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its form the "peasant Reform" was feudal, but the force of economic development that had drawn Russia on to the capitalist path gave the feudal form a capitalist content, and this content became the more evident the less land was filched from the peasants, the more fully the land of the peasants was separated from that of the landlords, the less the tribute" (i.e., redemption) paid to the feudalists" ("The 'Peasant Reform' and Proletarian-Peasant Revolution." See present edition, Vol. 17). The "peasant Reform" marked a step towards Russia's transformation into a bourgeois monarchy. On February 10,1861, Alexander II signed a Manifesto and Regulations for the peasants, who had been freed from feudal dependence. In all, 22,500,000 serfs, formerly belonging to landowners, were "emancipated." Landed proprietorship, however, remained. The peasants' lands were declared the property of the landlords. The peasant could only get a land allotment according to the standard established by law (and even then by agreement with the landlord), and had to redeem it, that is, pay for it. The peasants made their redemption payments to the tsarist government, that had paid the established sums to the landlords. Approximate estimates show that after the Reform, the nobility possessed 71,500,000 dessiatines of land and the peasants 33,700,000 dessiatines. The Reform enabled the landlords to cut off and appropriate one-fifth or even two-fifths of the land formerly cultivated by the peasants.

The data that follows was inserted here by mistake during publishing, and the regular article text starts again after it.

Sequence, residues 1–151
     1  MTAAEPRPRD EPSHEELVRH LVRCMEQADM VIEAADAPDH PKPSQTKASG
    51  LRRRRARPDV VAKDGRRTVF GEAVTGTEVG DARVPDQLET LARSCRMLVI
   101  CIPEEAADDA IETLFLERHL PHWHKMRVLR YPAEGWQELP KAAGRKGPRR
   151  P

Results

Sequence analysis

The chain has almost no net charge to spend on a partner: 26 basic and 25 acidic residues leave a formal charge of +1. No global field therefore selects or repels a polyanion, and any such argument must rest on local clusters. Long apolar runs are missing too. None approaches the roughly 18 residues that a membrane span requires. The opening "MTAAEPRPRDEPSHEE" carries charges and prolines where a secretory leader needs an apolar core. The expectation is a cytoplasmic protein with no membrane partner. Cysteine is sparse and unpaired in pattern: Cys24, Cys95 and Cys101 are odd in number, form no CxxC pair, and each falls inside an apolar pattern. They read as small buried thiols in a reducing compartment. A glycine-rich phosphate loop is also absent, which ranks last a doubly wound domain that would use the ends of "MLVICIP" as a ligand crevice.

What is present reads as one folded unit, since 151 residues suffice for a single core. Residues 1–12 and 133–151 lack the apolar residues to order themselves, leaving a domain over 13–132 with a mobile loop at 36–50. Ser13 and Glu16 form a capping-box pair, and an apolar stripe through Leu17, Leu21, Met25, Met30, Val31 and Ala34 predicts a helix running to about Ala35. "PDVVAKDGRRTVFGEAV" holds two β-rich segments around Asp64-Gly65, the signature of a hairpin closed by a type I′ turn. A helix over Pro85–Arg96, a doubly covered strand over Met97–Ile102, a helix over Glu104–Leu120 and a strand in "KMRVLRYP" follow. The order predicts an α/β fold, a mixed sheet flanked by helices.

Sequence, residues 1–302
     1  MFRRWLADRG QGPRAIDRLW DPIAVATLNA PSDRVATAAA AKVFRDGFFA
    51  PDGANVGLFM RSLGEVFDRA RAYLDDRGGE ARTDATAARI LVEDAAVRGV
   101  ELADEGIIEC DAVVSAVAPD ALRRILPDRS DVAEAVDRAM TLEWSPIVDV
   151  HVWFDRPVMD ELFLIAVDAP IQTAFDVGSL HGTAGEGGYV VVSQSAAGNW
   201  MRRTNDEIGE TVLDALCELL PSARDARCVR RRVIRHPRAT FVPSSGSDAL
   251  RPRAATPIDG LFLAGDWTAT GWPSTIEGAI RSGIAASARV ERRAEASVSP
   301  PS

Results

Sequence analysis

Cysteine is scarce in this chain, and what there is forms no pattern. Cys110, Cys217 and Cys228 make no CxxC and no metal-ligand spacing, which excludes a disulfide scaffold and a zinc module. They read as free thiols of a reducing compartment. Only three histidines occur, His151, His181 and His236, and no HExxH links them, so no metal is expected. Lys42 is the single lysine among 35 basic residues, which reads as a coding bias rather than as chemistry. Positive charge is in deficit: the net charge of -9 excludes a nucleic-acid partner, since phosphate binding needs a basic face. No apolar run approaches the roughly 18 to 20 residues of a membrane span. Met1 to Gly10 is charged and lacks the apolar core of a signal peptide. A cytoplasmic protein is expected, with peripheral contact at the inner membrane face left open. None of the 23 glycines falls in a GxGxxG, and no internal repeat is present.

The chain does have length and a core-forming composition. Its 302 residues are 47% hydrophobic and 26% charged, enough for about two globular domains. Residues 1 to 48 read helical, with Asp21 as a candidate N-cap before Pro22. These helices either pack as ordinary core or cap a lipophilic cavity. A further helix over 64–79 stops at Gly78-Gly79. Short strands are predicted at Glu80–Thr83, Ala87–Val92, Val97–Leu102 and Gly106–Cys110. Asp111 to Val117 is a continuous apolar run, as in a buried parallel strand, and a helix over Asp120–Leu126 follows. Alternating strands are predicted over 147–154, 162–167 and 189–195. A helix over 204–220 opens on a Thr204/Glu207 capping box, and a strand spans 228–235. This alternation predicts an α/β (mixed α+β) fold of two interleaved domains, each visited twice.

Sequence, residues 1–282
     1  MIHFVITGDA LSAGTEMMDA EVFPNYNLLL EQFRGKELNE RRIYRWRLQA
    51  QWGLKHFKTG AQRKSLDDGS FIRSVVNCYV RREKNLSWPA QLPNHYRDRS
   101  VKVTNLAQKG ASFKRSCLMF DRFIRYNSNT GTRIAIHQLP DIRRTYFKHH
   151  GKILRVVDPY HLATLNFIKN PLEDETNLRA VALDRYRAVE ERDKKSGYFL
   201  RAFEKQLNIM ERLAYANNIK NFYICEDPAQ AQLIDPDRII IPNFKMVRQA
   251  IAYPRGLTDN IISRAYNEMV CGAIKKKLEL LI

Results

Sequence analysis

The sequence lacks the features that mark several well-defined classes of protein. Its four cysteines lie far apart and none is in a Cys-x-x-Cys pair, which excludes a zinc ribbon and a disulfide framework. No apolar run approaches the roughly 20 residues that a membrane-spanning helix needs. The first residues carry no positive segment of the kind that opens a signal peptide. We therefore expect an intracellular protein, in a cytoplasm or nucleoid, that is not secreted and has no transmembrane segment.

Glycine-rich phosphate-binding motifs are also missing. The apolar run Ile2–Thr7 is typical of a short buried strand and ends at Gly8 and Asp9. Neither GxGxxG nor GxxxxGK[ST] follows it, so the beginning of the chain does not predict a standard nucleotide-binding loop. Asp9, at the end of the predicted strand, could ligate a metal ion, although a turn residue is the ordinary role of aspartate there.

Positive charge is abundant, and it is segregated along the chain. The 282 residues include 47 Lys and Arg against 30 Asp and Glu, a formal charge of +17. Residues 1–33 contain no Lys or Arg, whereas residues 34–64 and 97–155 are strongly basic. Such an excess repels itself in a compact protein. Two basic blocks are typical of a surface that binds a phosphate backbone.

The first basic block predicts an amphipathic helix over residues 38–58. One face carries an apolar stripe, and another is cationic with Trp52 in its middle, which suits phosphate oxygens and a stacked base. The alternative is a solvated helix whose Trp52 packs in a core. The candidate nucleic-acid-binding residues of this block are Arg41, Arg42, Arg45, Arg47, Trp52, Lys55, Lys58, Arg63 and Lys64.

The Reform merely undermined, but did not abolish, the old corvée system of farming. The landlords secured possession of the best parts of the peasants' allotments (the "cut-off lands," woods, meadows, watering places, grazing grounds, and so on), without which the peasants could not engage in independent farming. Until the redemption arrangements were completed the peasants were considered to be "temporarily bound," and rendered services to the landlord in the shape of quit-rent or corée service.
    The Russian revolutionary democrats, headed by N. G. Chernyshevsky, criticised the "peasant Reform" for its feudal character. V. I. Lenin called the "peasant Reform" of 1861 the first mass act of violence against the peasantry in the interests of nascent capitalism in agriculture -- the landlords were "clearing the estates" for capitalism.

    For material on the 1861 Reform, see F. Engels' article "Socialism in Germany" (Die Neue Zeit, Jg. X, Bd. I, 1891, H. 19) and V. I. Lenin's "The Fiftieth Anniversary of the Downfall of Serfdom," "The Jubilee" [Transcriber's Note: This probably refers to Lenin's "Apropos of an Anniversary". -- DJR]," "The 'Peasant Reform' and Proletarian-Peasant Revolution" (see present edition, Vol. 17).    [p. 495]

  [147] The Regulations of February 19, 1861, were legislative acts on the abolition of serfdom in Russia.    [p. 496]